Figure 12 shows the velocity contour and vector plot on planes moving from 0.1 h above bottom end wall to 0.1 h below the top end wall. Within the lower half, the coolant near the bottom end wall first impinged on the upstream leg and formed a horseshoe type vortex. The flow then separated from the ligament in the downstream direction forming a wake region. The separated flow moved toward the center of the unit cell due to the low pressure wake and flowed through the opening formed between the two downstream ligaments, where it was accelerated due to the decreased flow area available. This acceleration of the flow led to larger wake region in the downstream of these ligaments.

Fig. 12
Flow field at three locations within the channel (flow left to right)
Fig. 12
Flow field at three locations within the channel (flow left to right)
Close modal

It was observed in Fig. 12 that the bulk velocity increased significantly on moving from the middle channel plane toward the top end wall. The strong vortex structures present in the inter-unit cell passages created an upwash movement of coolant from the bottom end wall toward the top end wall. These vortical flow structures also decreased the net available flow area for the coolant. A combination of these two effects led to the observed higher coolant velocity in the top half of the channel. In addition, for both L1 and L2, strong impingement was present on the leading edges of the upstream ligaments in the top half of the channel.

Lattice Wall Temperature.

Figure 13 shows the temperature distribution on the surface of the solid lattice unit cells for both L1and L2 lattices from top view. The unit cells in L1 reached a higher temperature compared with those in the L2 lattice. In both cases, the unit cell temperature increased in the downstream direction. The coldest region for the L1 lattice was located near the middle node, while the additional spanwise and streamwise ligaments in L2 had the lowest temperature. The area averaged temperature for L1 lattice surface was ∼6% higher compared with L2.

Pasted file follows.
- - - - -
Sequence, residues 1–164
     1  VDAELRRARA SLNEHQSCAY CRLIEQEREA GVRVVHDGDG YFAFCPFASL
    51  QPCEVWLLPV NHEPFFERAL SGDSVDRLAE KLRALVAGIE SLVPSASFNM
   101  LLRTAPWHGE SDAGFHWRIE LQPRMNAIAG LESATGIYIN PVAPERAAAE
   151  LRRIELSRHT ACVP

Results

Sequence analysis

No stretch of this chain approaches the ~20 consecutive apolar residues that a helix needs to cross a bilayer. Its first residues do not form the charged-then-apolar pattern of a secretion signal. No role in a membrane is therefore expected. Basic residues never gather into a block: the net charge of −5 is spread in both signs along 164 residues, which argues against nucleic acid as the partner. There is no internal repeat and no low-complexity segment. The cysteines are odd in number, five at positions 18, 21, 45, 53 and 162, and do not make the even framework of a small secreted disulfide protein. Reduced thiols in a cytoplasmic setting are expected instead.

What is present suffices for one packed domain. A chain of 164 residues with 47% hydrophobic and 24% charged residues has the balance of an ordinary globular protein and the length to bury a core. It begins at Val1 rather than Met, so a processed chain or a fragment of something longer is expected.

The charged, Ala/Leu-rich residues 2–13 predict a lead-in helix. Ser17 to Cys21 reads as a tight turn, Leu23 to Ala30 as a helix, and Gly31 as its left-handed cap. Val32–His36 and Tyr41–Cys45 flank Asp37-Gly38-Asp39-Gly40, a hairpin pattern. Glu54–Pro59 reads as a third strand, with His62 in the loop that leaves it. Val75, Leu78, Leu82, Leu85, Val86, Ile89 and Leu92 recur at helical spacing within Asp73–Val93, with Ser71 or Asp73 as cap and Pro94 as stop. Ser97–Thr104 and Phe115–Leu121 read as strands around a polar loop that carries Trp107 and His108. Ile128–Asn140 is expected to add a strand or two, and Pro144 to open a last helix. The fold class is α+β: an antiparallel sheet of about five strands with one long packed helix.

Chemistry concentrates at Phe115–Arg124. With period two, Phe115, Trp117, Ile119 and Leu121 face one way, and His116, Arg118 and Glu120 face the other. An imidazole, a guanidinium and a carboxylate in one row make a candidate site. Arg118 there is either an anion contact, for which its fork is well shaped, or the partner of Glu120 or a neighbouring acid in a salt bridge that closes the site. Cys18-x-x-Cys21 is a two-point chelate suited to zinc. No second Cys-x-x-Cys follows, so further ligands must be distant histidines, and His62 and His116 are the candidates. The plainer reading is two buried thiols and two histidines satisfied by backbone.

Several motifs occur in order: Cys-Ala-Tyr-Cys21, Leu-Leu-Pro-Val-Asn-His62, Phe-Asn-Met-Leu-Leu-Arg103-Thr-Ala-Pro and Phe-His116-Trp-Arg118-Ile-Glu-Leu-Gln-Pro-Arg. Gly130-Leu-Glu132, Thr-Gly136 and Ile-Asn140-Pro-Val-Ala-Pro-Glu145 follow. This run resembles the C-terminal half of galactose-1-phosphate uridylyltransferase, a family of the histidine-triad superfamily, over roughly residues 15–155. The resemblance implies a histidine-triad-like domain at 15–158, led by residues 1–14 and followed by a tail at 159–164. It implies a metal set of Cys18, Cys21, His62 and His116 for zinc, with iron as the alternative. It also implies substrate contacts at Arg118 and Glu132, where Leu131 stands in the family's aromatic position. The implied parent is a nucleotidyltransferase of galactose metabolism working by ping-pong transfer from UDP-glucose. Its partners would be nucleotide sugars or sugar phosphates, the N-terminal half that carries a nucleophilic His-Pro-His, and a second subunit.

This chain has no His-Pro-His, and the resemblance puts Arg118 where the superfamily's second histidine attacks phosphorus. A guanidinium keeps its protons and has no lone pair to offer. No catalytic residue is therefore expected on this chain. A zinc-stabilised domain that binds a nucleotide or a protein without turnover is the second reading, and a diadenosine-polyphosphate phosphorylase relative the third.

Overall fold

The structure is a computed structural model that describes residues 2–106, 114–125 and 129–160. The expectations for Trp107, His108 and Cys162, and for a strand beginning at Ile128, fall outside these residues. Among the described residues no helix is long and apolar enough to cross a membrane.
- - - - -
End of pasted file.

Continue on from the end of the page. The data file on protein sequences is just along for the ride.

Fig. 13
Surface temperature of lattice unit cells for channel Re = 7600: (a) L1 lattice and (b) L2 lattice (flow from left to right)
Fig. 13
Surface temperature of lattice unit cells for channel Re = 7600: (a) L1 lattice and (b) L2 lattice (flow from left to right)
Close modal

Experimental Heat Transfer.

Figure 14 shows the overall heat transfer in terms of the Nu number versus the channel Re. It was observed that the Nu increased for both L1 and L2 type lattices with an increase in Re. This increase in heat transfer can be attributed to enhanced mixing and stronger near wall vortices at higher flowrates, which cause more coolant to flow toward the end walls.

Fig. 14
Nusselt number variation with channel Re for L1 and L2 lattices
Fig. 14
Nusselt number variation with channel Re for L1 and L2 lattices
Close modal

The L1 lattice depicted a lower Nu compared with the L2 type lattice over the full range of Re tested. At the lowest Re, the L1 lattice achieved Nu of 50.9, while the L2 lattice achieved a Nu of 61, which is ∼20% higher. The L2 lattice was able to create stronger vortical flow even at the lower flowrates. In addition, the presence of greater number of ligaments in L2 created additional mixing in the channel. However, with the increase in the Re, the difference between the heat transfer in the two configurations decreased, changing from ∼20% to ∼13%.

Figure 15 compares the augmentation in Nu provided by the two lattice configurations, as compared with that of a smooth channel obtained from the Gnielinski correlation. Both the configurations depicted a higher heat transfer compared with the smooth channel. The augmentation in Nu was observed to range from ∼5 to 6 times at the lowest Re, to ∼4.2–4.8 times at the higher Re. As before, the highest enhancement was obtained for the L2 type lattice, followed by the L1 type lattice. The L1 type lattice depicted ∼22% lower augmentation for the lowest Re compared with the L2 lattice. For the higher Re values, the L2 depicted ∼12% higher augmentation in Nu in comparison with L1 type lattice. However, the augmentation with respect to the smooth channel seemed to level off at ∼4.5 when the Re approached values >15,000.